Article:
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Wilshire Mid-Cap Index

Wilshire Mid-Cap Index

What Is the Wilshire Mid-Cap Index?

The Dow Jones Wilshire Mid-Cap Index is a mid-cap benchmark index kept up with by Wilshire Indexes, sent off in 1996. The Wilshire US Mid-Cap Index is a float-adjusted, market capitalization-weighted index of the issues positioned somewhere in the range of 500 and 1,000 by market capitalization of the Wilshire 5000 Total Market Index (Wilshire 5000).

Mid-cap (or mid-capitalization) is a term used to assign companies with a market cap somewhere in the range of $2 and $10 billion. As the name suggests, a mid-cap company falls in the middle between [large-cap](/enormous cap) (or huge cap) and small-cap companies.

Understanding the Wilshire Mid-Cap Index

The Wilshire (formerly Dow-Jones/Wilshire) Mid-Cap Index is a market-capitalization- weighted index that contains the companies positioned somewhere in the range of 500 and 1,000 as estimated by market capitalization.

The Wilshire Mid-Cap Index is the mid-cap subset of the Wilshire 5000 Composite Index. The Wilshire 5000 Composite Index, otherwise called the Wilshire 5000 Total Market Index, is the most broadly based U.S. stock index. Supports are utilized to reduce index turnover.

Other Wilshire Indices

Alongside the Mid-Cap Index, there are three different fragments of market capitalization, each with an alternate index association. The three different sections are the Wilshire U.S. Huge Cap Index, which incorporates stocks positioned 1 through 750, the Wilshire U.S. Small-Cap Index, with stocks positioned 751-2,500, and the Wilshire U.S. Miniature Cap Index, with the stocks that are positioned 2,501+.

The mid-cap index contains stocks from both the small-and huge cap indexes. It contains around 250 of the smallest huge cap stocks and 250 of the biggest small-cap stocks.

The four indices together are known as the Total Market Index, a famous benchmark for [investors](/financial backer) as it demonstrates a complete broad-based coverage of the US market and incorporates the majority of stocks with the exception of those of the smallest value. The index addresses the top 95% of the U.S. stock market based on market capitalization and incorporates around 3,600 stocks traded on U.S. stock exchanges.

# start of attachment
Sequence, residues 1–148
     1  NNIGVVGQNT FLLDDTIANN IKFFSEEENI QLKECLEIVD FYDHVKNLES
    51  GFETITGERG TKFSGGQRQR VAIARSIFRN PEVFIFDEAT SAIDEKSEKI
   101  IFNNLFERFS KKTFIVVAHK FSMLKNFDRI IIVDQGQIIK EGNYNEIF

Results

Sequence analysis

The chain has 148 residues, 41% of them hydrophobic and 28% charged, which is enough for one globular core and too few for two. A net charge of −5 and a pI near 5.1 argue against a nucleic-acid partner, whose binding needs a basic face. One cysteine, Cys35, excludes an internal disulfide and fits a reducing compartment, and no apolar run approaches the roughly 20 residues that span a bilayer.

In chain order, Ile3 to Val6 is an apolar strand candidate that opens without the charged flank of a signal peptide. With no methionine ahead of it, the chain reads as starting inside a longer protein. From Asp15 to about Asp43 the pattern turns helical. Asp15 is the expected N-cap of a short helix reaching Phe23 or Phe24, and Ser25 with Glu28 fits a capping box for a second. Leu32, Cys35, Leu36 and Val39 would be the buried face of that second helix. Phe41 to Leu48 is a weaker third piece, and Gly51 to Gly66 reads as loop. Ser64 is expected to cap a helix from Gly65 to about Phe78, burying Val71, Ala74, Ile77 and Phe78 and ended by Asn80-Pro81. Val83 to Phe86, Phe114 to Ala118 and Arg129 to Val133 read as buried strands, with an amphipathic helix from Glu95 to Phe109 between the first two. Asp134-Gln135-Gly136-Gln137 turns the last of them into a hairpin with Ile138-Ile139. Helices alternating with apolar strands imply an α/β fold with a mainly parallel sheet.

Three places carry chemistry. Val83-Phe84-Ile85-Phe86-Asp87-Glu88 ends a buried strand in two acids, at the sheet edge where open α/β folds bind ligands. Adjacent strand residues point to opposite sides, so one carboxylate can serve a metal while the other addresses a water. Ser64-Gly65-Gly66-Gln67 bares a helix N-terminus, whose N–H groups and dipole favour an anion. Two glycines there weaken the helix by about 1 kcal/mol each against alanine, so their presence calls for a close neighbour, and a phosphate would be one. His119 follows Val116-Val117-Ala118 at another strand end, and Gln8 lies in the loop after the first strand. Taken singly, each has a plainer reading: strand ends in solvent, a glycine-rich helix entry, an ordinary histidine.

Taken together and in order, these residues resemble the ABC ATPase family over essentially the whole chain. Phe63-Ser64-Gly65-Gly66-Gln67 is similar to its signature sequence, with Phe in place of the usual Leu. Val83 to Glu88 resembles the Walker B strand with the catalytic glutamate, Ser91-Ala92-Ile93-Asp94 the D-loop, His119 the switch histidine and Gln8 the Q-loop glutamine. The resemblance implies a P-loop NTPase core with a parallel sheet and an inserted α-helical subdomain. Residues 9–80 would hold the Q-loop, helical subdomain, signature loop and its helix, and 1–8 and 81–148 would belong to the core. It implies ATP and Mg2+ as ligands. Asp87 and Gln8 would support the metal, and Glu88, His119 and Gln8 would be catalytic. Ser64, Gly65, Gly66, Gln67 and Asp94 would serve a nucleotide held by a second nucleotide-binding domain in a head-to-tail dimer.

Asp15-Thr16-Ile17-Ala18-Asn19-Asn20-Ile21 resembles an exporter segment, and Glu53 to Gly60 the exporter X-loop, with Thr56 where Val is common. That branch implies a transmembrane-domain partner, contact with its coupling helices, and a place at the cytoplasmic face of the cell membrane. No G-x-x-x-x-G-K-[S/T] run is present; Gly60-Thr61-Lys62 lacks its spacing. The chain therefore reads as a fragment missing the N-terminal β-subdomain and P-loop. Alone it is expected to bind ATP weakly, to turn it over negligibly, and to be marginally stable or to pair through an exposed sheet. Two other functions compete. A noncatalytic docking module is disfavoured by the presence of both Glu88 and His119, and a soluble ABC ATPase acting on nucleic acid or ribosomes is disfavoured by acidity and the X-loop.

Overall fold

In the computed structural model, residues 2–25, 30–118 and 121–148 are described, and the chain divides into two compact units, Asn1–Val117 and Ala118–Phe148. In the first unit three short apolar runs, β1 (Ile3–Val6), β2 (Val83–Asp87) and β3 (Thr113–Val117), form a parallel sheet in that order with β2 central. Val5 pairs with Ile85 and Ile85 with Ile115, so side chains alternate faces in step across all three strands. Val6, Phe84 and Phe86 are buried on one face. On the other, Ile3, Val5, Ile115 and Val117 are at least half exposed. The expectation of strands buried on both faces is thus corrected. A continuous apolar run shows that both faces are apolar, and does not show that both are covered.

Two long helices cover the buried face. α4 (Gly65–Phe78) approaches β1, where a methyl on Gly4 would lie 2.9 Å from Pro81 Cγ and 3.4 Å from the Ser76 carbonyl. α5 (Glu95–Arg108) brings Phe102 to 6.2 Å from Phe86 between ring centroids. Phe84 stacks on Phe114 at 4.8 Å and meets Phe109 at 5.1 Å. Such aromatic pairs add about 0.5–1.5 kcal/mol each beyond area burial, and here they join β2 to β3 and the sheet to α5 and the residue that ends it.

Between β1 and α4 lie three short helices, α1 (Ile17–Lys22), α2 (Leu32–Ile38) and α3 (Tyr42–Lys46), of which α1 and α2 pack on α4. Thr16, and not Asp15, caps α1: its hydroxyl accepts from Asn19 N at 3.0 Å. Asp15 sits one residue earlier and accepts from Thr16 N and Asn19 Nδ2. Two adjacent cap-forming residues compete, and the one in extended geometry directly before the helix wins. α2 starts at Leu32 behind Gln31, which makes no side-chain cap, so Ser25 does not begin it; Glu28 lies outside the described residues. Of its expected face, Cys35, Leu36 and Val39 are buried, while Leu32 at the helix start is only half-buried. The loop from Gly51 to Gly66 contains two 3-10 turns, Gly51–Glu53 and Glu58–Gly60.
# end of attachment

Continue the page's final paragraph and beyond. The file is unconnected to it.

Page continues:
Other Mid-Cap Indices

The Wilshire Mid-Cap Index is one of several indices that track mid-cap stocks. Notwithstanding its core mid-cap index, Wilshire likewise offers mid-cap value and growth style indexes.

The Russell Midcap Index, for example, is a market capitalization-weighted index included 800 publicly traded U.S. companies with market caps of somewhere in the range of $2 and $10 billion. The 800 companies in the Russell Midcap Index are the 800 smallest of the 1,000 companies that contain the Russell 1000 Index.

The S&P MidCap 400 is an index distributed by Standard and Poor's. The index contains 400 companies chose as broadly representative of companies with midrange market valuations of between $1.5 billion and $ 17.9 billion.


  • The index is float-adjusted and capitalization-weighted, rebalanced semi-every year.
  • The parts of the Wilshire US Mid-Cap are the last 250 Wilshire US Large-Cap securities and the main 250 Wilshire US Small-Cap securities by capitalization.
  • The Wilshire Mid-Cap Index contains those Wilshire 5000 companies positioned somewhere in the range of 500 and 1,000 by market value (with supports).